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    Amid Expansion, Some States Trim Medicaid Rolls


    In the other two states, the Medicaid cutbacks are the result of the expiration of federal waivers that allowed for demonstration programs designed to expand coverage. In Vermont, about 19,000 people will fall off the Medicaid rolls as the state ends two such initiatives geared toward helping people with incomes as high as 300 percent of the poverty level, or a little more than $34,000.

    Mark Larson, commissioner of the Vermont Department of Health Access, said the programs are ending to save the state dollars since those populations next year can qualify for federal assistance to buy coverage in the state exchange.

    Wisconsin would cut more people from Medicaid than any other state as part of a plan advanced by Republican Gov. Scott Walker and still awaiting federal approval. About 92,000 people -- 87,000 parents and caretaker relatives, and 5,000 childless adults with incomes above the federal poverty level -- would lose the Medicaid coverage they previously had as a result of a wavier and be sent to the online insurance marketplace. At the same time, the state is planning to add 100,000 Wisconsin childless adults with incomes below the poverty level to Medicaid.

    "The governor's reforms balance the need to maintain a strong and sustainable health care safety net with ensuring the greatest number of people possible can afford to remain in the private health insurance market and maintain their independence," according to a statement by the Wisconsin Department of Health.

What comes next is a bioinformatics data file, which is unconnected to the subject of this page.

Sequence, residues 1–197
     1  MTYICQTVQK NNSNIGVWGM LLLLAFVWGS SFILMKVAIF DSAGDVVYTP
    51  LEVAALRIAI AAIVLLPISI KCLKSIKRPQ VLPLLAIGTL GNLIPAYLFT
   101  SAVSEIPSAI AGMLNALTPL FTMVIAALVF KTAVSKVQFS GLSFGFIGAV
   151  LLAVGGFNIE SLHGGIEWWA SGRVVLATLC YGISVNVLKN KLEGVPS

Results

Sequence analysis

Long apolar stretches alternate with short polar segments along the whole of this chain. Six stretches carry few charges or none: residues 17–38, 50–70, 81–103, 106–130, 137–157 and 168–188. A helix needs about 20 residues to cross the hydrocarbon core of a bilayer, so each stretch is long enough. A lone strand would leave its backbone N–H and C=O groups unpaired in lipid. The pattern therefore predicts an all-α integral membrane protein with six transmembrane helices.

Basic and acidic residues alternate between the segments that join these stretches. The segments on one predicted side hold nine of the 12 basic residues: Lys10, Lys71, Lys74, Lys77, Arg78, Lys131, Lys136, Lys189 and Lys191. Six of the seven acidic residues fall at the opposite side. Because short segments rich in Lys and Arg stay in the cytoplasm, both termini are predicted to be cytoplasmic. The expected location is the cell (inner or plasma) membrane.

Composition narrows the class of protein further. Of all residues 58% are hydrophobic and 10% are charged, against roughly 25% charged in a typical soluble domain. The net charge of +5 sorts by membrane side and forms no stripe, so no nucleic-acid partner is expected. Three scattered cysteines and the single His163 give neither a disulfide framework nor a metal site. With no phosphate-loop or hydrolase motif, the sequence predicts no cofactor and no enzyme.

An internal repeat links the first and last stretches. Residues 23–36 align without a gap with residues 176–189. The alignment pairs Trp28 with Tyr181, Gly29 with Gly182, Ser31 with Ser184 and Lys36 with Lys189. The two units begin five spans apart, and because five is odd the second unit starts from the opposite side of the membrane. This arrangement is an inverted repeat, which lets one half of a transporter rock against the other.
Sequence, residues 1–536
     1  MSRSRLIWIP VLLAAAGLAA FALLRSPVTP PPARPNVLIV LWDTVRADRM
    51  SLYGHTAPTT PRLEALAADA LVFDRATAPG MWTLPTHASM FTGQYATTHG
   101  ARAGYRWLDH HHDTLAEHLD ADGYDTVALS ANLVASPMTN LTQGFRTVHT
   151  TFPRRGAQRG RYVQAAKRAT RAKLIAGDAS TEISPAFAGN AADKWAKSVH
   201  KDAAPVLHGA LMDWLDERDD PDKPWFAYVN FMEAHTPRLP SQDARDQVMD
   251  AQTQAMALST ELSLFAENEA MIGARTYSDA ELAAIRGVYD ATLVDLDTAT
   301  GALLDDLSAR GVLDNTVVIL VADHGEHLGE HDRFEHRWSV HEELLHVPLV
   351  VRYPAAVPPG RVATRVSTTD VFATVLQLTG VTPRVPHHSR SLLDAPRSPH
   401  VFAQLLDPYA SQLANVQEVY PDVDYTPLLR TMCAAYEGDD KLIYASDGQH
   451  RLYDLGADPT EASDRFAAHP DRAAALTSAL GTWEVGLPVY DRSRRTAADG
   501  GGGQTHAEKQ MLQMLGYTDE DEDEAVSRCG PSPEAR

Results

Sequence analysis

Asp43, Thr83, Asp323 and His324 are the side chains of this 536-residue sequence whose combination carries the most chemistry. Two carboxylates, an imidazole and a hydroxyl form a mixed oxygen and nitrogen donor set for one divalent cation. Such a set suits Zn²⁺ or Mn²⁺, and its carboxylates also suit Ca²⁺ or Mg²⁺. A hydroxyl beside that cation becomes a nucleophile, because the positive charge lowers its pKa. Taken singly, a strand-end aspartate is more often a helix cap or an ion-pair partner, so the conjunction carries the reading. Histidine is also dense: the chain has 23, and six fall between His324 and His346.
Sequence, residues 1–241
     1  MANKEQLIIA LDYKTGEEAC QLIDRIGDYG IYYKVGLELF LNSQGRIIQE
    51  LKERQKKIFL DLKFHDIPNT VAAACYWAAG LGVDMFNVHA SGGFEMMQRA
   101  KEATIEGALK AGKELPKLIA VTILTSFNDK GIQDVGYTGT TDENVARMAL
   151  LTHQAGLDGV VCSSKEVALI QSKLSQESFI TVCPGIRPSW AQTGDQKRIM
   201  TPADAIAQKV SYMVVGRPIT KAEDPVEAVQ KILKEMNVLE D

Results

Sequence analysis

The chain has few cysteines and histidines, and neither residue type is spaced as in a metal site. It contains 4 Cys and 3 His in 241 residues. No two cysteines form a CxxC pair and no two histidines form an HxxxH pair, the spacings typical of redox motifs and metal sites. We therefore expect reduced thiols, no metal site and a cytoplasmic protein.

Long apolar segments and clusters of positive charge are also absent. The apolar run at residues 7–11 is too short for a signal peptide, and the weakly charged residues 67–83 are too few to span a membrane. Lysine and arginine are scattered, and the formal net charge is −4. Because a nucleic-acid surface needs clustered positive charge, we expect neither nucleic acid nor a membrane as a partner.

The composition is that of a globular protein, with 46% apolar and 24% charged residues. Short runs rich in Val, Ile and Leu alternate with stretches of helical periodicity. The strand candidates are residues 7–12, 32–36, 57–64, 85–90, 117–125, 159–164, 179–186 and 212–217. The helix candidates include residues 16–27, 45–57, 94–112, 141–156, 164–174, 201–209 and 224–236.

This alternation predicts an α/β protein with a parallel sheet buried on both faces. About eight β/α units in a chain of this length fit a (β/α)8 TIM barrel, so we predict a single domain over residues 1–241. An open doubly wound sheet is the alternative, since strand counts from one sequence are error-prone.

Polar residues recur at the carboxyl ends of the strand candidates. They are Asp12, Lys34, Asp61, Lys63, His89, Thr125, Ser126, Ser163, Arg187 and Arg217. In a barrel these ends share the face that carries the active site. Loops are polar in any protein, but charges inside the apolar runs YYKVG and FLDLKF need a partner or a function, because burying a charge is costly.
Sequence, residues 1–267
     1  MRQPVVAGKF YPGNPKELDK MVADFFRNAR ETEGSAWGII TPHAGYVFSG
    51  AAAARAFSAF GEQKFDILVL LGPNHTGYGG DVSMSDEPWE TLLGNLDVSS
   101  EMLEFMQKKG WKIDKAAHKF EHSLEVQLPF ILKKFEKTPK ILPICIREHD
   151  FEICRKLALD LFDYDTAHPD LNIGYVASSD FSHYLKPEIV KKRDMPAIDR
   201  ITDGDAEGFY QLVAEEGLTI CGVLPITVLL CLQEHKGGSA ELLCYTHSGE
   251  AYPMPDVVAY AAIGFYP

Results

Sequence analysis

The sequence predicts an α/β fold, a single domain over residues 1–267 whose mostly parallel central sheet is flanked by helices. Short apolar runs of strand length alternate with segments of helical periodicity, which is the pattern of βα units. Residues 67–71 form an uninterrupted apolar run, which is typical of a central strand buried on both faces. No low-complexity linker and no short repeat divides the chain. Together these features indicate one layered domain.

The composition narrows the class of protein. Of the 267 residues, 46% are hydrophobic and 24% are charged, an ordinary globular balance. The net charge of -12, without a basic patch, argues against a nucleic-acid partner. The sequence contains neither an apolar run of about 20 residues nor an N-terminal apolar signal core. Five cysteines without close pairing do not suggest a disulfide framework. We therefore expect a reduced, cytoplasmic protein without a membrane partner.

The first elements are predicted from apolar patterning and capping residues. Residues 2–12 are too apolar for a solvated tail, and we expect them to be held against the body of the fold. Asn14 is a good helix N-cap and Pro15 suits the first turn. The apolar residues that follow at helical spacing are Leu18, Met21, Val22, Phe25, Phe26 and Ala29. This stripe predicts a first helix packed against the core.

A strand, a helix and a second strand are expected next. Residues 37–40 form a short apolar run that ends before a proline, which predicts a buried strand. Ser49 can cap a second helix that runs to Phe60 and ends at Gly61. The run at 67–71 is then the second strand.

Many of the 92,000 Wisconsin adults losing Medicaid coverage already pay small monthly premiums. It's unclear how much those rates will increase in the online marketplace.

    "The products designed for the marketplace were never designed for people in these low-income categories," said Donna Friedsam, health policy program director at the University of Wisconsin. "Even with the federal subsidies, the cost sharing will still be quite onerous."

    Kaiser Health News is an editorially independent program of the Henry J. Kaiser Family Foundation, a nonprofit, nonpartisan health policy research and communications organization not affiliated with Kaiser Permanente.

    Fri, Aug 16 2013

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